upload_2019-5-15_8-2-20.png
    LS1 input on the left, LT1 input on the right.


    After much research, the best deal is to get the complete kit from RS Gear in New York. This kit will set you back roughly 490 bucks but includes EVERYTHING needed to do this swap, including bearings, shims, bolts, instructions etc. You can piece-meal this kit on your own via the world wide web, however, this kit came out cheaper in price.

    Kit from RS Gear is part number LT1/LS1.



    upload_2019-5-15_8-2-41.png
    LS1 Midplate above


    LT1 Midplate below, notice the provisions for a clutch lever/throw out bearing arm.
    upload_2019-5-15_8-3-0.png
    LT1 Midplate Above.



    Components of the RSG Kit. Notice the varying shims it includes as well as the bearings.
    upload_2019-5-15_8-3-56.png


    More to follow as I go through this.
     
    Last edited: May 15, 2019
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    • dusterizer

      dusterizer Member

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      Was researching this also, on the T56 wiki ( Borg-Warner T-56 transmission - Wikipedia) it looks like vettes and f-bodies were 27 spline, and newer heavier T56s were the 31 spline, also "read" just online somewhere though, that the torque ratings of the transmissions were subject to certain components and could be rebuilt with with stronger parts, making the 27 splines more reliable up to the 450lb ft range?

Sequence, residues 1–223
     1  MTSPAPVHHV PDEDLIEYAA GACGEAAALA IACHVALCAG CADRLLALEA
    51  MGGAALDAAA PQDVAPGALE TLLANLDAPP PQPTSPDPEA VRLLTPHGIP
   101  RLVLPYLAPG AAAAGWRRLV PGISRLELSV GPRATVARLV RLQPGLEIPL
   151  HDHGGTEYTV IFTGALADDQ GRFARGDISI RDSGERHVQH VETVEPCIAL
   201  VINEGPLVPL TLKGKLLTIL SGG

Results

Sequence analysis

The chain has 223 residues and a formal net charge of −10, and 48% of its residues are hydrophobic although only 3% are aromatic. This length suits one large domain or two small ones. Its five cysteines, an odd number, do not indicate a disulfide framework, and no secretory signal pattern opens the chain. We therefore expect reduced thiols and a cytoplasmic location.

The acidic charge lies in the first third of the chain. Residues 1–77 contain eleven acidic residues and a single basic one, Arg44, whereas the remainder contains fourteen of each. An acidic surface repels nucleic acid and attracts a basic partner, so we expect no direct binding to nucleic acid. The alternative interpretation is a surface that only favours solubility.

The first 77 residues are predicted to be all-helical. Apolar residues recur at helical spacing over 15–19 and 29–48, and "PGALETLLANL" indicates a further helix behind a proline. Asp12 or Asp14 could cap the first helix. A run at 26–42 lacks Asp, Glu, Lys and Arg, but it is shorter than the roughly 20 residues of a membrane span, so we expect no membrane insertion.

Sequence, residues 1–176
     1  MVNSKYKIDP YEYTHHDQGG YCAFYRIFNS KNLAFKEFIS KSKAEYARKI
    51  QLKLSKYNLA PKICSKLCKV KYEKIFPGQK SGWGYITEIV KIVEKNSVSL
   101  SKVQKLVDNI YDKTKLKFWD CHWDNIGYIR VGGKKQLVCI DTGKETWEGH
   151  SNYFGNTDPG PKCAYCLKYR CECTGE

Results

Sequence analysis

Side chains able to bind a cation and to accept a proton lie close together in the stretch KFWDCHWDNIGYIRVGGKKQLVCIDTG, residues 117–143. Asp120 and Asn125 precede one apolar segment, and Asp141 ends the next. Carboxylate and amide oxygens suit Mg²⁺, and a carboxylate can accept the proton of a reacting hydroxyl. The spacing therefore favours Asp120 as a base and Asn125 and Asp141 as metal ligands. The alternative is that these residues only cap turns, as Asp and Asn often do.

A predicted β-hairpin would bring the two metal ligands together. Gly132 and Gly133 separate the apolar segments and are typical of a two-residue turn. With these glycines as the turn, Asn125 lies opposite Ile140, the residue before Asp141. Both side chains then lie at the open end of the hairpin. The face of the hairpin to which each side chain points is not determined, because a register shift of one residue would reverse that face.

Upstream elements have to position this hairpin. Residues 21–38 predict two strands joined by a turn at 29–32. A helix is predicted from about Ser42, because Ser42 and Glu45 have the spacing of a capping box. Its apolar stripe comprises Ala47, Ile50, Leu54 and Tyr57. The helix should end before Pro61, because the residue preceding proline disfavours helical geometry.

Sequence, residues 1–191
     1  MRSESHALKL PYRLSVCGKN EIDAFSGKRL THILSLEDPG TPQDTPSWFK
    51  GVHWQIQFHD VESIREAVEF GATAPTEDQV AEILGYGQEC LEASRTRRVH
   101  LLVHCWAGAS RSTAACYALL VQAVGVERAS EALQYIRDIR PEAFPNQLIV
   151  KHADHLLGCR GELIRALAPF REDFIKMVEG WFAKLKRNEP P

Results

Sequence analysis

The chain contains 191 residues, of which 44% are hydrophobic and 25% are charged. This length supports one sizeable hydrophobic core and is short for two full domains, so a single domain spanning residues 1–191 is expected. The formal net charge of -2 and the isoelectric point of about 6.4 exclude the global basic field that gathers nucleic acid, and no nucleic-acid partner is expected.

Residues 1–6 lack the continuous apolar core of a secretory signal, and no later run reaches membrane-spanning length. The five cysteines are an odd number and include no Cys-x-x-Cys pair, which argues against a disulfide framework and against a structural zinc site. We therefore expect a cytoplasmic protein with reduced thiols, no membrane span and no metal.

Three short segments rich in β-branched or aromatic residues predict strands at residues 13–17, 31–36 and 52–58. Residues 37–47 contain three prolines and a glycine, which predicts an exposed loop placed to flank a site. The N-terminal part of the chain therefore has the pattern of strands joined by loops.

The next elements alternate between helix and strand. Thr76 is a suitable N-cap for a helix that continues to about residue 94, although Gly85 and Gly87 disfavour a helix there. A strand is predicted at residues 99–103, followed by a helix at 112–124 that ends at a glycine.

• dukeboy_318

      dukeboy_318 FABO Gold Member FABO Gold Member

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      Vipers were 30 spline.

      but yes, to answer your question, you can significantly upgrade it. The most common upgrade is the shift fork and pads. followed by upgrading to the Viper Mainshaft and input. But the biggest weakness in the F body T56 was the shift fork on the 3/4 gear. It was thin aluminum, had plastic shift pads and would wear out or break under hard shifting. Common upgrade is to replace that fork with a Titaninum one with bronze pads, roughly 150-200 bucks for the upgrade. Which mine will be doing. Later model T56s and Viper T56s had steel shifter forks which helped and that upgrade is only 60 bucks.
       
    • dusterizer

      dusterizer Member

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      I had misread the info, I was thinking spline count not gear teeth like you said, any way known to hunt out which vehicles had 31 tooth setup, maybe 94-97 vetts, trans ams, and SS camaros?
       
    • dukeboy_318

      dukeboy_318 FABO Gold Member FABO Gold Member

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      All GM T56s had the 31 tooth except for one year, 1993, EARLY 1993. They are rarer.

      Best bet if you’re sourcing one from GM car is a 98+ with the LS engine. Otherwise, no one makes a bell to fit the LT1 versions of the 94-97
       
    • dukeboy_318

      dukeboy_318 FABO Gold Member FABO Gold Member